The Army Lawyer | Issue 4 2021View PDF
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A lawyer shall provide competent representation to a client. Competent representation requires the legal knowledge, skill, thoroughness, and preparation reasonably necessary for the representation.1

Imagine, as a judge advocate (JA), you are assigned to a world-renowned institute as a teaching fellow. In your first few days, an expert, while physically holding his work in his hands on “Integrating Gender Perspectives into International Operations,”2 asks you to use a U.S. lens to discuss gender-based violence (GBV)3 and gender perspectives for an upcoming course. You respond that you will need time to review some resources.4 You frantically scour the standard JA materials, but you are unable to quickly ascertain an understanding of GBV. Now that you are aware that your standard references do not contain an outline of GBV, how do you respond? How do you prepare your course?5

The answer to this hypothetical is complex. The answer is not simply within a regulation or publication; it is more dynamic than a rudimentary understanding of gender rights. Gender-based violence is an umbrella term that includes sexual assault and harassment. Thus, the topic demands a nuanced grasp of international human rights law (IHRL) and international humanitarian law (IHL),6 an appreciation of the political considerations embodied in gender rights, and a general understanding of military initiatives aimed at preventing GBV. The complexities distil to one word: readiness.

In his 2016 guidance, the Army Chief of Staff defined readiness as the “ability to fight and win our Nation’s wars.”7 Judge advocates achieve readiness by being competent. Competence8 is our lethality, and it “requires the legal knowledge, skill, thoroughness, and preparation reasonably necessary for the representation.”9 Achieving competence may take time, as competence encompasses anticipating and preventing legal problems.

Although GBV may not be in your daily vernacular, reviewing world and military GBV statistics may change that. “[A]bout 1 in 3 (30%) of women worldwide have experienced either physical and/or sexual intimate partner violence or non-partner sexual violence in their lifetime”;10 and, in 2018, the U.S. military reported “an estimated 24.2 [%] of active duty women and an estimated 6.3 [%] of active duty men indicated experiencing sexual harassment.”11 As the statistics12 highlight the pervasive nature of GBV, JAs should have a reference tool that both provides a brief summation of GBV and, in certain places, correlates the international underpinnings of GBV to military practice. Simply put, this GBV summation seeks to complement your commonly referenced materials.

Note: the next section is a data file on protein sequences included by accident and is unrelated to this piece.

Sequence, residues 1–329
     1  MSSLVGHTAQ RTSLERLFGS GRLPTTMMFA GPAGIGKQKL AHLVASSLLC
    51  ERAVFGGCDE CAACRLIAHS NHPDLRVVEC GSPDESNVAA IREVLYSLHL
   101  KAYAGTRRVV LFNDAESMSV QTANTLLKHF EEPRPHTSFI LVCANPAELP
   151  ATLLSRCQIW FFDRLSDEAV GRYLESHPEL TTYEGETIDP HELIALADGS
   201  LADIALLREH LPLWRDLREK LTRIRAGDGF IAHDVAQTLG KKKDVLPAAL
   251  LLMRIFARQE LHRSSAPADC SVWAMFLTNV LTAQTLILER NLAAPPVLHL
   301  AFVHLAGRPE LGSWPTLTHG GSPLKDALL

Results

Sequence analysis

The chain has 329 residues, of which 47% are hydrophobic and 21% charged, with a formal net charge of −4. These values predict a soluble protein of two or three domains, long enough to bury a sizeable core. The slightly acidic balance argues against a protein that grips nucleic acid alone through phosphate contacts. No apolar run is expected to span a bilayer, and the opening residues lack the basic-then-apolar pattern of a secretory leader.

What Is GBV?

The United Nations High Commissioner for Refugees (UNHCR) defines GBV as “violence that is directed against a person on the basis of gender or sex including acts that inflict physical, mental, or sexual harm or suffering, threats of such acts, coercion and other deprivation of liberty”13—such as cruel and degrading treatment, sexual harassment, and physical assault. The U.S. Department of State defines GBV as “any harmful threat or act directed at an individual or group based on actual or perceived biological sex, gender identity and/or expression, sexual orientation, and/or lack of adherence to varying socially constructed norms around masculinity and femininity. It is rooted in structural gender inequalities, patriarchy, and power imbalances.”14 Some examples of this include intimidation at work and community practices, like honor killings. Integrated in GBV is violence, which is defined as “[t]he intentional use of physical force or power, threatened or actual, against oneself, another person, or against a group or community, that either results in or has a high likelihood of resulting in injury, death, psychological harm, maldevelopment, or deprivation”15—for instance, forms of neglect. Gender-based violence is predicated on violence and inequality—the unequal power relationship between men and women.

As an “umbrella term,” GBV describes “any harmful act that is perpetrated against a person’s will and that is based on socially ascribed (i.e. gender, race and ethnicity, etc.) differences between males and females”16—the gender pay gap or the lack of access to education, for example. Crimes involving GBV may not include sexual violence; however, GBV and sexual and gender-based violence (SGBV) are often used interchangeably;17 and, as the majority of GBV victims are women, violence against then is often interchangeable with GBV.18 The UNHCR’s use of SGBV is “to emphasize the urgency of protection interventions that address the criminal character and disruptive consequences of sexual violence for victims/survivors and their families.”19 Gender-based violence as an umbrella term is translatable in the military.